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Fitz v. Warden, Nottoway Corr. Ctr.

United States District Court, W.D. Virginia, Roanoke Division

October 31, 2018

DELANO DONTAE FITZ, Petitioner,
v.
WARDEN, NOTTOWAY CORR. CTR., Respondent.

          MEMORANDUM OPINION

          Hon. Glen E. Conrad Senior United States District Judge

         Delano Dontae Fitz, a Virginia inmate proceeding pro se, filed this petition for a writ of habeas corpus, pursuant to 28 U.S.C. § 2254, challenging the validity of his convictions. Respondent filed a motion to dismiss, and Fitz responded, making the matter ripe for disposition. After review of the record, the court concludes that the petition must be dismissed.

         I. Background [1]

         The Court of Appeals of Virginia summarized the evidence of Fitz's convictions as follows:

On December 24, 2013, Traman Turner arrived at Edasha Williams' house to pick up his children. Williams, the mother of the children, was involved in a romantic relationship with Fitz at the time and Fitz was also at the residence. Williams explained that Fitz went outside while she was getting the children ready. She saw Fitz and Turner speaking to each other and heard Turner say: "when you come bring your big toys." Fitz then produced a gun and shot Turner. Fitz threatened Williams with the gun and shot Turner three more times in the back as Turner tried to escape. Fitz then fled the scene. Turner died as a result of the gunshot wounds. Williams indicated that Turner was not armed and that she did not hear him threaten Fitz or make any aggressive movements.
Two neighbors saw the shooting and testified that Fitz shot the victim at close range - first in the chest and then in the back. Another neighbor saw the two men outside and heard Fitz accuse Turner of having "disrespected" him. She also heard the victim make a statement about "big toys" and that there would be "70 rounds next time." She went inside and moments later she heard gunfire.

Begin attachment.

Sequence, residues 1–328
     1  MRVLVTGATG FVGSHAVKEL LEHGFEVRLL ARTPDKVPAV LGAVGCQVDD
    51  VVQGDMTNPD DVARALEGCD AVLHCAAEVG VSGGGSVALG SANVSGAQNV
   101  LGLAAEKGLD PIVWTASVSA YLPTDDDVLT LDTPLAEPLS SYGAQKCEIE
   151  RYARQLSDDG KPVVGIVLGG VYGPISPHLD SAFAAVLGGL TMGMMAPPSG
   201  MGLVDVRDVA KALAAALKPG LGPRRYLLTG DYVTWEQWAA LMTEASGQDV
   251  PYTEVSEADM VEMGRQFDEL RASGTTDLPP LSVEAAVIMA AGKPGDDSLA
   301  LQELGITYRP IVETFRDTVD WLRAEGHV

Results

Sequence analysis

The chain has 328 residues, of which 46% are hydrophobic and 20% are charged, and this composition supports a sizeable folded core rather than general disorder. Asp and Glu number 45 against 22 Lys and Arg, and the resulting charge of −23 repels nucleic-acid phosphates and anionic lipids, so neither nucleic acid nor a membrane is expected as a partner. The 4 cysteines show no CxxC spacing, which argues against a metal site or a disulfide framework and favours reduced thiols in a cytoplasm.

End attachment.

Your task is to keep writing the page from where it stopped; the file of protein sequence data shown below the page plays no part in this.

Dontray Haughton, Fitz's friend, testified that Fitz arrived at his residence and asked Haughton to retrieve his gun for him. Haughton explained that Fitz appeared shaken. Haughton retrieved the gun from a trashcan and returned it to Fitz. Fitz told Haughton that he shot the victim "for no reason."
Jamie Chacon testified that he visited his nephew, one of Williams' children, in December 2013. Fitz was at the residence, showed Chacon his gun, made gang signs, and stated his intention to kill Turner.
Stacy Taylor shared a jail cell with Fitz. Fitz admitted to Taylor that he killed Turner and offered Taylor drugs if Taylor would kill Williams and threaten one of the other witnesses. Several other men who had been jailed with Fitz testified Fitz admitted killing Turner, had previously stated his intention to kill Turner, and planned to have the witnesses against him killed or threatened.

Fitz v. Commonwealth. No. 0770-15-3, slip op. at 4-5 (Va. Ct. App. Dec. 4, 2015), ECF No. 17-2.

         The circuit court initially appointed Aaron Graves as Fitz's counsel but later disqualified him for a conflict of interest. The court then appointed Louis Nagy and granted Nagy's motion for a continuance. Nagy asked for two more continuances, citing voluminous evidence and the Commonwealth's failure to disclose exculpatory witness statements. The trial court granted the motions and found that Fitz had waived his speedy trial rights each time.